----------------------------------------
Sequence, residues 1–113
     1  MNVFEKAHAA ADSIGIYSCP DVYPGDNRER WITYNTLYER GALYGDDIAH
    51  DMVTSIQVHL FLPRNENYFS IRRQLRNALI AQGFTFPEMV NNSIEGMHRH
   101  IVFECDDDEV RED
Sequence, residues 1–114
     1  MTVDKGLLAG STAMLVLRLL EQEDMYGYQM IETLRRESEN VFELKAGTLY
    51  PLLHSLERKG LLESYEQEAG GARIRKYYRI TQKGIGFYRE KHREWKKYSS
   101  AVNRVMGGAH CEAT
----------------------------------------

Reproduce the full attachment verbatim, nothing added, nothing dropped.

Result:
Sequence, residues 1–113
     1  MNVFEKAHAA ADSIGIYSCP DVYPGDNRER WITYNTLYER GALYGDDIAH
    51  DMVTSIQVHL FLPRNENYFS IRRQLRNALI AQGFTFPEMV NNSIEGMHRH
   101  IVFECDDDEV RED
Sequence, residues 1–114
     1  MTVDKGLLAG STAMLVLRLL EQEDMYGYQM IETLRRESEN VFELKAGTLY
    51  PLLHSLERKG LLESYEQEAG GARIRKYYRI TQKGIGFYRE KHREWKKYSS
   101  AVNRVMGGAH CEAT